He would punish the people of Egypt for their idolatry and silence their boasting of the blessings received from their senseless deities. God would glorify His own name, that other nations might hear of His power and tremble at His mighty acts, and that His people might be led to turn from their idolatry and render Him pure worship.
Again Moses and Aaron entered the lordly halls of the king of Egypt. There, surrounded by lofty columns and glittering adornments, by the rich paintings and sculptured images of heathen gods, before the monarch of the most powerful kingdom then in existence, stood the two representatives of the enslaved race, to repeat the command from God for Israel’s release.
The king demanded a miracle, in evidence of their divine commission. Moses and Aaron had been directed how to act in case such a demand should be made, and Aaron now took the rod and cast it down before Pharaoh.
It became a serpent. The monarch sent for his “wise men and the sorcerers,” who “cast down every man his rod and they became serpents: but Aaron’s rod swallowed up their rods.”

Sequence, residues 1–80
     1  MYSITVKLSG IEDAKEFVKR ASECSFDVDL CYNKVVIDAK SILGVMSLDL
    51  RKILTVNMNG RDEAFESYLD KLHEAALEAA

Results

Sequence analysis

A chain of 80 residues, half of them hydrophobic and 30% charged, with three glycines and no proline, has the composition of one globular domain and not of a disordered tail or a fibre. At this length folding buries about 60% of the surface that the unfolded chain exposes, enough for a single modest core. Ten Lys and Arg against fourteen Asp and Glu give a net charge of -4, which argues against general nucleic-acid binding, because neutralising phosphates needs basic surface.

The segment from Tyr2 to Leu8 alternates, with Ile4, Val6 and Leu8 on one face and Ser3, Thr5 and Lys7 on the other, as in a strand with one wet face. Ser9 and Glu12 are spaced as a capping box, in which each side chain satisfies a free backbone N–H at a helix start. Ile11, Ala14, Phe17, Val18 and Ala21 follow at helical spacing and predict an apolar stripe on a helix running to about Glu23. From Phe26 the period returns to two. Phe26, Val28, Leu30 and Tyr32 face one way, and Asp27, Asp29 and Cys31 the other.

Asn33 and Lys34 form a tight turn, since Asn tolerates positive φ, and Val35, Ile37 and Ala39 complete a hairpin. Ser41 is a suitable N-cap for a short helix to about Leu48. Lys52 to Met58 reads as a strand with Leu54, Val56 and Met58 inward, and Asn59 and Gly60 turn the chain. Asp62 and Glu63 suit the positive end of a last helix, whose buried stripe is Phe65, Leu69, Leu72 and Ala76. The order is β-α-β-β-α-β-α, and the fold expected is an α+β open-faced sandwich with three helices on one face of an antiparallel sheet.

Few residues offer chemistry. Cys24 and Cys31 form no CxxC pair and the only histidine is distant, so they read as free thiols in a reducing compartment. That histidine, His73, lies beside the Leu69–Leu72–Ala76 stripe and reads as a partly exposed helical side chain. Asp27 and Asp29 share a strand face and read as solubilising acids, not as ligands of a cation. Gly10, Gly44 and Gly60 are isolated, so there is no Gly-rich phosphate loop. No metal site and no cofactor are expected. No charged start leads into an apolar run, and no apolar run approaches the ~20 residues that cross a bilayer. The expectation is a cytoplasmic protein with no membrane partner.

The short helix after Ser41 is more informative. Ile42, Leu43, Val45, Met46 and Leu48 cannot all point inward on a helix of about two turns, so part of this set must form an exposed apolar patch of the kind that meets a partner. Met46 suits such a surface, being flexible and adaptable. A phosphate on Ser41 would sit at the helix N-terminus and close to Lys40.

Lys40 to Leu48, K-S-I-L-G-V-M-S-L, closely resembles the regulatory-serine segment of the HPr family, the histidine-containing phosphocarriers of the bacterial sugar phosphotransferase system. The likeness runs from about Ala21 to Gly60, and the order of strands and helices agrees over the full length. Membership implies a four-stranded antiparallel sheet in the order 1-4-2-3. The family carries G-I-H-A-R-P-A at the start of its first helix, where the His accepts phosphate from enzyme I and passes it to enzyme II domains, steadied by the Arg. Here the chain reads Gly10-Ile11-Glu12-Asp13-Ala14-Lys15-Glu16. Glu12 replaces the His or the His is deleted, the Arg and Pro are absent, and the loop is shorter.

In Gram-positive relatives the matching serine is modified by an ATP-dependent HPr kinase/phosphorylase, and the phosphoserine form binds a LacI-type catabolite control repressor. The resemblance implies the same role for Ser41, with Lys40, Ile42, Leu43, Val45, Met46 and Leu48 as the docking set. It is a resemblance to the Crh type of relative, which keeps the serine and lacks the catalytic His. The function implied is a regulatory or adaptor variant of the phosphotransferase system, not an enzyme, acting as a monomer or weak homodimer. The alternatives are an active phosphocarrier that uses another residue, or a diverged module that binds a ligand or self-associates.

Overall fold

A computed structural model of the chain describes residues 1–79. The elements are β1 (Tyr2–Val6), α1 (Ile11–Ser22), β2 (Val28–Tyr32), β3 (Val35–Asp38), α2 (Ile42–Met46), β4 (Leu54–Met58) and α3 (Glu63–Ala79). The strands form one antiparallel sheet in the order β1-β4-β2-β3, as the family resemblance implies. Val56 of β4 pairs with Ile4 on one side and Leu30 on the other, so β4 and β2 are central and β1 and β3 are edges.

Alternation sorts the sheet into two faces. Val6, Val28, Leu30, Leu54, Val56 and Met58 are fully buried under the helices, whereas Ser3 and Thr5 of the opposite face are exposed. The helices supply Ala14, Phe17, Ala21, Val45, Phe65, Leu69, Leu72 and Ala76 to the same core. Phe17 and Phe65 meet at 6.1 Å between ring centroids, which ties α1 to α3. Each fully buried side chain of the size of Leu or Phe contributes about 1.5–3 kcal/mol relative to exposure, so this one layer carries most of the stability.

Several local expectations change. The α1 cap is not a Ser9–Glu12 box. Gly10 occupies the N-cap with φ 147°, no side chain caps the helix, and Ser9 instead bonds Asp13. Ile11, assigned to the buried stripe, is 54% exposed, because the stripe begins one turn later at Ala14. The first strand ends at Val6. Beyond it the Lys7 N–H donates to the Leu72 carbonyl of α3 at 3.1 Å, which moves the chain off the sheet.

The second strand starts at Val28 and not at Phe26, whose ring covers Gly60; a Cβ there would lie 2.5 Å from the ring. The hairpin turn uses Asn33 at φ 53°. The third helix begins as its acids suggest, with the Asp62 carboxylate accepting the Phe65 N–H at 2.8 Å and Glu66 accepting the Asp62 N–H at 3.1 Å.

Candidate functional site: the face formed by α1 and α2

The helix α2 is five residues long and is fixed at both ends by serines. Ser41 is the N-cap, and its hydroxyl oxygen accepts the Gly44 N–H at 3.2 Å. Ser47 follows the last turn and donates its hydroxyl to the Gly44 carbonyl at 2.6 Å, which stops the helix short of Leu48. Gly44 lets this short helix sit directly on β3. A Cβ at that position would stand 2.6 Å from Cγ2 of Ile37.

Then the king, more determined than before, declared his magicians equal in power with Moses and Aaron; he denounced the servants of the Lord as impostors, and felt himself secure in resisting their demands. Yet while he despised their message, he was restrained by divine power from doing them harm.
It was the hand of God, and no human influence or power possessed by Moses and Aaron, that wrought the miracles which they showed before Pharaoh. Those signs and wonders were designed to convince Pharaoh that the great “I AM” had sent Moses, and that it was the duty of the king to let Israel go, that they might serve the living God.
The magicians also showed signs and wonders; for they wrought not by their own skill alone, but by the power of their god, Satan, who assisted them in counterfeiting the work of Jehovah.